The formation of the Board of Control for Cricket in India in 1929 led to a first Test match with England three years later. In 1935, the Ranji Trophy began; it continues to the present as the leading regional tournament in India, with each state fielding a team. The trophy was a deliberate attempt to avoid the communalism of the quadrangular tournament.
The Indian cricket team has won one Cricket World Cup, in 1983. India also reached the finals in 2003, but lost to Australia. In recent years, Indian cricket has been marked by the intense and occasionally violent rivalry with Pakistan. Furthermore, there were several scandals related to match fixing and gambling, but these were not restricted to India; they plagued several different teams.
International cricket in India generally does not follow a fixed pattern like, for example, the English schedule under which the nation tours other countries during winter and plays at home during the summer. Generally, there has recently been a tendency to play more one-day matches than Test matches.

Ranji Trophy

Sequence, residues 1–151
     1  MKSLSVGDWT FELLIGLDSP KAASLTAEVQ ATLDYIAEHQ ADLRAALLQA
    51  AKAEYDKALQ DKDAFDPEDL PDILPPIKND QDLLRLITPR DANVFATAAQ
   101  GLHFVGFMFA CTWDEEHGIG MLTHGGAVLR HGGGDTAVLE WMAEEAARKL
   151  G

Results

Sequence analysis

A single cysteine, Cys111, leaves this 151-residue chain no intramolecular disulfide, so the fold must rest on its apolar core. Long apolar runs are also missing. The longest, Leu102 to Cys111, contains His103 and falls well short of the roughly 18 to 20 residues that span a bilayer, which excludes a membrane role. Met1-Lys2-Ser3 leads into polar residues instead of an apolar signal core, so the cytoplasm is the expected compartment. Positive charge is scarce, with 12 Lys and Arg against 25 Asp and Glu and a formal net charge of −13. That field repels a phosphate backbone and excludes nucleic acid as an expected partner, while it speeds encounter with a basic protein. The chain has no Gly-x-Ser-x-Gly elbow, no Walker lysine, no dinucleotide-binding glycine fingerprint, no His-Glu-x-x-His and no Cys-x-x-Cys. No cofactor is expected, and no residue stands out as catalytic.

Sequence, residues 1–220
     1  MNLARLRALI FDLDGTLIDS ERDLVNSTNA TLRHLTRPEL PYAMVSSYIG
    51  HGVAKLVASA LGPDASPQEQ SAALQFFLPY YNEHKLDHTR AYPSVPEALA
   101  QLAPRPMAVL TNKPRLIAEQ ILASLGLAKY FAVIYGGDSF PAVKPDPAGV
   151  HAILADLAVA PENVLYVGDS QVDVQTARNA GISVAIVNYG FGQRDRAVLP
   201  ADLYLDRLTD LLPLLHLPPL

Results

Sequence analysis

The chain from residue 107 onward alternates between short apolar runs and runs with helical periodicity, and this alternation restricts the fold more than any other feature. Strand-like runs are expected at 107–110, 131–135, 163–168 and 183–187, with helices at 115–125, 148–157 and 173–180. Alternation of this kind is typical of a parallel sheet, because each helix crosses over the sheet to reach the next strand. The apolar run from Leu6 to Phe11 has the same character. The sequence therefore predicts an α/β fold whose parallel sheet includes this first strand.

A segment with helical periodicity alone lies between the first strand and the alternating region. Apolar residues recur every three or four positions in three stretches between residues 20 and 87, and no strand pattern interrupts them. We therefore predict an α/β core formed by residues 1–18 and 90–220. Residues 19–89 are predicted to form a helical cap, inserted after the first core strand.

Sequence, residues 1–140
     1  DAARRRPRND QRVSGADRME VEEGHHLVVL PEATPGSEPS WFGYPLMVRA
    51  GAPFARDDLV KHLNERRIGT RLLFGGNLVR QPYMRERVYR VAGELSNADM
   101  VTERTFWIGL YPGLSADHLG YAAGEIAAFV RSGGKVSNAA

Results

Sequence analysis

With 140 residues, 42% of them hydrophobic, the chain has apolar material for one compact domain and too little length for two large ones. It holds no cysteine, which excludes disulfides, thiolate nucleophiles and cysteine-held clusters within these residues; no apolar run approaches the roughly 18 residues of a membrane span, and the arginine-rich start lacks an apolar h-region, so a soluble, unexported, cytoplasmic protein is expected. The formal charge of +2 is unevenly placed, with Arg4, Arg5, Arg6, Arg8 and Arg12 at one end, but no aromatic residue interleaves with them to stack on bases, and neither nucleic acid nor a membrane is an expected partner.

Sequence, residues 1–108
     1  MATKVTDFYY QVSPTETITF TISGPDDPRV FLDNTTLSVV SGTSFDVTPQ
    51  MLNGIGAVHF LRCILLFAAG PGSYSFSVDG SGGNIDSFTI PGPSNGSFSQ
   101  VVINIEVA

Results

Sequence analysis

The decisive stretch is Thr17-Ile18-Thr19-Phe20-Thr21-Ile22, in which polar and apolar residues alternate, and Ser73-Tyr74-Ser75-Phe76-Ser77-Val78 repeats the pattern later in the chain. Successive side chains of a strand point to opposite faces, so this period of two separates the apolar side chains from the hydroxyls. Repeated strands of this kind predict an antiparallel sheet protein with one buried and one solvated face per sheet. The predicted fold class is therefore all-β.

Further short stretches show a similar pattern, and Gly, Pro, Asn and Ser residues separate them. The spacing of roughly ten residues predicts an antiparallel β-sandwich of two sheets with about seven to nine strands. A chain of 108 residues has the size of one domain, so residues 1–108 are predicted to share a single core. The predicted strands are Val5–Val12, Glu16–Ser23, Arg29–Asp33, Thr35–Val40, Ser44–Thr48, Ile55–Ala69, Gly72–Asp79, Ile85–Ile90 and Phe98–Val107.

Founded as 'The Cricket Championship of India' at a meeting of the Board of Control for Cricket in India in July 1934. The first Ranji Trophy fixtures took place in the 1934-35 season. Syed Mohammed Hadi of Hyderabad was the first batsman to score a century in the tournament. The Trophy was donated by H.H. Sir Bhupendra Singh Mahinder Baha-dur, Maharajah of Patiala in memory of His late Highness Sir Ranjitsinhji Vibhaji of Nawanagar. In the main, the Ranji Trophy is composed of teams representing the states that make up India. As the political states have multiplied, so have cricket teams, but not every state has a team. Some states have more than one cricket team, e.g. Maharashtra and Gujarat. There are also 'odd' teams like Railways, and Services representing the armed forces. The various teams used to be grouped into zones - North, West, East, Central and South - and the initial matches are played on a league basis within the zones. The top two (till 1991-92), top three teams from each zone then play in a national knock-out competition. Starting with the 2002-03 season, the zonal system has been abandoned and a two-division structure has been adopted with two teams being promoted from the plate league and two relegated from the elite league. If the knockout matches are not finished they are decided on the first-innings lead.

Irani Trophy